In quiet Zoom meetings of economists and energy analysts around the province, you can almost hear the murmurs: “Fiscal insanity … again!”
But there is hope, however faint, because the imperative could not be more clear that Alberta must plan for a long-term recovery through savings, reinvesting in basic public services, and an urgent and methodical transition to a sustainable economy.
The fact that $70-a-barrel oil seemed a perfectly reasonable projection when the United Conservative Party government began putting its budget together just two months ago highlights just how reckless it is to build the province’s entire fiscal plan on such a volatile revenue source. That we continue to take this approach to budgeting year after year is the height of insanity. And it’s intensely frustrating that Albertans continue to ride this stomach-churning revenue rollercoaster over and over again.
While the UCP government is patting itself on the back for its “balanced” budget — one that continues to underfund public services, privatize health and education, and cut billions from our cities and towns — the fact that we don’t a have a plan for reinvestment in our services, a blueprint for savings, or a transition to a sustainable economy makes this budget and the government’s entire fiscal narrative deeply misleading.
The day the UCP introduced their budget, oil was trading at $93 a barrel. Within a couple of weeks it was at $125. When the budget was being planned in January, the UCP government set $70 as its projected price. There is simply no way to responsibly budget on such a highly variable stream of revenue.
Although international oil prices are just one factor impacting resource revenues, they are an important factor. Every dollar that oil goes up means as much as $500 million in increased revenue for the province.
Well-known University of Calgary economist Trevor Tombe notes that an increase of $15/bbl above budget projections would mean an additional $5.8 billion in the provincial coffers just this year. An oil price average of $85/bbl is not out of the question given the volatility in the market and in the world’s oil producing regions.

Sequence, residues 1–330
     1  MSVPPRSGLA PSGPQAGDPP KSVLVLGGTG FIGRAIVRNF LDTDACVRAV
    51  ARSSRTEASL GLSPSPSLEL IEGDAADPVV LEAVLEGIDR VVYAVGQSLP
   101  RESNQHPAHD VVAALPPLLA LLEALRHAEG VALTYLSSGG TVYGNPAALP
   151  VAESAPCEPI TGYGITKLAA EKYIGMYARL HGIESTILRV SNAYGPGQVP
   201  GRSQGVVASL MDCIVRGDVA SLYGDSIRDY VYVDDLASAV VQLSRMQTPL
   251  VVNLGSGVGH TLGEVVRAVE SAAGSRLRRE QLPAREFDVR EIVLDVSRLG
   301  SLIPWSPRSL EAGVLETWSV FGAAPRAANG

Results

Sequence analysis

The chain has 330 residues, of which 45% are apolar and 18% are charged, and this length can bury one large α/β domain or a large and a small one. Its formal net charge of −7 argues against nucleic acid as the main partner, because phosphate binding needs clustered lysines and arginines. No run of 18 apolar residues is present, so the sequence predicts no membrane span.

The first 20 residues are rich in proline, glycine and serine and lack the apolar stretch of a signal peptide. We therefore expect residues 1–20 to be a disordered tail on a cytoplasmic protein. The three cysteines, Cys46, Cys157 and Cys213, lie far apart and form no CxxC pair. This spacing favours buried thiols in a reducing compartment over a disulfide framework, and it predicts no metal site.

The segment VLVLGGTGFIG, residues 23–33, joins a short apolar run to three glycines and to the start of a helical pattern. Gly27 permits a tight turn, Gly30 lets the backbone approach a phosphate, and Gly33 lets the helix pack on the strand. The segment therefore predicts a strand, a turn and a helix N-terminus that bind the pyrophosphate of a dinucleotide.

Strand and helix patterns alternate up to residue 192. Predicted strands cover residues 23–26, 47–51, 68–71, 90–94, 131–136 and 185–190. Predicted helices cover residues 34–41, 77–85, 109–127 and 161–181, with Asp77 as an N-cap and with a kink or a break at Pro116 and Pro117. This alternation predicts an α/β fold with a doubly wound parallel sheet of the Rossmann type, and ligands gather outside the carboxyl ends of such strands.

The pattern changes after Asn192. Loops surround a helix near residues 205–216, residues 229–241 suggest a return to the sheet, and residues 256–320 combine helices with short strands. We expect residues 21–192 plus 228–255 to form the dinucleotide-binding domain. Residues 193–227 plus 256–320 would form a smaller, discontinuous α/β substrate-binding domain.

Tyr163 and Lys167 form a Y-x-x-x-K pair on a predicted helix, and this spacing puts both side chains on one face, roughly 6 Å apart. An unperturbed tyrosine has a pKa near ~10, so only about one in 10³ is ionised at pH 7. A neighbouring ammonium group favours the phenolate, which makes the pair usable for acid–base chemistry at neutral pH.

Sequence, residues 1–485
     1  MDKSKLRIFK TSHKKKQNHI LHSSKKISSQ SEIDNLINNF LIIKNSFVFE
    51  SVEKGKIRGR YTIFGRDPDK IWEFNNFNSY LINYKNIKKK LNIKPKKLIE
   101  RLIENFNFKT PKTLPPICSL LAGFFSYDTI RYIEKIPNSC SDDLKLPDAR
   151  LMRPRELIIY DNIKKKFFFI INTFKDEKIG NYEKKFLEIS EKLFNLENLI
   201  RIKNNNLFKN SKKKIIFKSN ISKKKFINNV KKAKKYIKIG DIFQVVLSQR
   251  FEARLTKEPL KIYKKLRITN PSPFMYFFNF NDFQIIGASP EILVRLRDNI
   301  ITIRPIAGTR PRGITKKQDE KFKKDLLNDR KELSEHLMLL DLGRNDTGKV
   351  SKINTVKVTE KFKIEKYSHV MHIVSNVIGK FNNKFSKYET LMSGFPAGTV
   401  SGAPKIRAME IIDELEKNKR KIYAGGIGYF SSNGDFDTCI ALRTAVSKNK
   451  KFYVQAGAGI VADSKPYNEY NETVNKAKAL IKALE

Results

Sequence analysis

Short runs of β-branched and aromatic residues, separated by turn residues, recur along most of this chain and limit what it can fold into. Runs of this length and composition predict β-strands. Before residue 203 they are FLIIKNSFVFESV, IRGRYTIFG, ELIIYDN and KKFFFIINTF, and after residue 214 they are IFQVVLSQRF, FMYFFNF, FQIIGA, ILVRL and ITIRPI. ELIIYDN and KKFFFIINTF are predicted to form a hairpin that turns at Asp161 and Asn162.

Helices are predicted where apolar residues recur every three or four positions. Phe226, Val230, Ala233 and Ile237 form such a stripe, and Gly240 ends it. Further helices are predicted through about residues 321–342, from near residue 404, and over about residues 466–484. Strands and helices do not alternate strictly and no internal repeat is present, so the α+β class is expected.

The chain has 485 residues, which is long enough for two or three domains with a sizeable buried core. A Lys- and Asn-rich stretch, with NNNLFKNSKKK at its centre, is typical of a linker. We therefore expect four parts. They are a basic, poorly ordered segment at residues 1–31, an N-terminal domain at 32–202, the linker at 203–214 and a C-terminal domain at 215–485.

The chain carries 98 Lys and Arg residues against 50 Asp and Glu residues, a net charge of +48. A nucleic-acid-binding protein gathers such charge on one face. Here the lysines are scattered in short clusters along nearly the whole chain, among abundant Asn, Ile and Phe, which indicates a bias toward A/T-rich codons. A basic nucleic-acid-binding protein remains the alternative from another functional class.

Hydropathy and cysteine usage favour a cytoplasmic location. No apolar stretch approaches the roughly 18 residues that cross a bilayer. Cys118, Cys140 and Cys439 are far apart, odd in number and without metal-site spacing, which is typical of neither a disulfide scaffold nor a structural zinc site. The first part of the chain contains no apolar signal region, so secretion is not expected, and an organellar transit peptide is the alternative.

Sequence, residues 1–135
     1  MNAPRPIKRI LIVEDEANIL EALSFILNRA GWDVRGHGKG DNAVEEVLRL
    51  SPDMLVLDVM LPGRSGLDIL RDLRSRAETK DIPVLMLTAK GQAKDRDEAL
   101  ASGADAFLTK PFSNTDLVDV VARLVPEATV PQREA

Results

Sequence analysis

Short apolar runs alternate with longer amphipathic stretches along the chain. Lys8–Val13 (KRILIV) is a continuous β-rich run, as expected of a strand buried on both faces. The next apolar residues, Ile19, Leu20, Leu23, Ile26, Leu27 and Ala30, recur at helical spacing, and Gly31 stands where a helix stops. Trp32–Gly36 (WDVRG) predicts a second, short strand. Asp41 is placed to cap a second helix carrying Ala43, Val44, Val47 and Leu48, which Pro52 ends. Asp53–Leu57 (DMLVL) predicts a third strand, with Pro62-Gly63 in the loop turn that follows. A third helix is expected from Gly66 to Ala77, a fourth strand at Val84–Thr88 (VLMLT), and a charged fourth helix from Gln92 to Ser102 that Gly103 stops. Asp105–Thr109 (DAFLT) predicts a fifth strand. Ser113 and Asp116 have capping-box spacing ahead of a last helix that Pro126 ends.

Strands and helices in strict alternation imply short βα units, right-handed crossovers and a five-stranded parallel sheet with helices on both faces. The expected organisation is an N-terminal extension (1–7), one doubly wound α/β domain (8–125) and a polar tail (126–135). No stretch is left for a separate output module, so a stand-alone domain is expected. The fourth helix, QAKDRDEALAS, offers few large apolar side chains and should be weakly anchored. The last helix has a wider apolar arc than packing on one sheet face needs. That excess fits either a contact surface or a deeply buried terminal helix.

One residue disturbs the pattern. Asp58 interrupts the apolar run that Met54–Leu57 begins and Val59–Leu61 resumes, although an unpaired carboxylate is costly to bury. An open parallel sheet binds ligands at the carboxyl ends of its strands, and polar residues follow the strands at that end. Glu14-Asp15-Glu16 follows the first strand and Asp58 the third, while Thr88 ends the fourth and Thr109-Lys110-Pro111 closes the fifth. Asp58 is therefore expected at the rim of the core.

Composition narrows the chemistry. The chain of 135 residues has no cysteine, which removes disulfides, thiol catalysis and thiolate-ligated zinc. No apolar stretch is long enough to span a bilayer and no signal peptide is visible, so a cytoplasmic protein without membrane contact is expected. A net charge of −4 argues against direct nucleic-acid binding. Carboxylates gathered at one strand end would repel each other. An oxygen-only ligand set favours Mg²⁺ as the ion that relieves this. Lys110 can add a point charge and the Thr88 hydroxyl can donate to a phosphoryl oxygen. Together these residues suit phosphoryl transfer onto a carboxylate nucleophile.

The very real likelihood of billions more in revenue after a pandemic and years of a struggling economy provides an urgent opportunity for the Alberta government to reset its fiscal planning and launch a strategy to create a just recovery and long-term fiscal stability for all Albertans in every corner of the province.
In 1976, the Alberta government recognized the short-term nature of non-renewable resource value and that “revenue from the sale of those resources will ultimately decline.” Accordingly, the Alberta Heritage Savings Trust Act required 30 per cent of revenue be set aside for “the benefit of people in Alberta for future years.” In 1983, that law was amended to reduce the amount to 15 per cent. Soon after that, in 1987, investments were suspended indefinitely until the mid-2000s, when a short-lived energy price boom led to sporadic investment into the Heritage Fund.
The short-sighted political urge to shore up revenue for spending with non-renewable resource revenue, rather than build a stable and predictable revenue stream, led to the quick demise of the fund’s original fiscal structure. As one friendly economist reminded me recently, this has been a cross-partisan effort, not a partisan one.
Oh, but what could have been. In 2008, during the heady thinking brought on by another boom, the Parkland Institute’s report Saving for the Future showed that with prudent savings, improved budgeting and proper taxation, Alberta could easily build the fund to $200 billion in just a decade.
Today? Well, the last quarterly report ending December 2021 puts the fund at $18.6 billion — a far cry from what economists and analysts from across the political spectrum thought was possible during the last big boom in 2007–2008. But at that time, at least the province was turning its head toward the possibilities of returning our thinking to the original intent of the fund.
This could be our last chance to imagine a future supported by savings accumulated from this non-renewable resource. The crucial first step today is for progressive-minded advocates, economists and Albertans to call for immediate reinvestment in basic public services. At a time when inflation, energy prices and massive instability in international trade and relations are causing anxiety and uncertainty for regular Albertans, we need to get the fundamentals right. This means reversing the UCP’s agenda of cuts and privatization.
From there, we need to stop promising not to fritter away this energy boom, and actually stop doing just that!
We must act like the owners we always say we are. This requires massive reinvestment in innovation, transition and long-term fiscal stability. For the sake of our quality of life, our province and the world, this time we simply have to get it right. ❚
Bradley Lafortune is the executive director of Public Interest Alberta.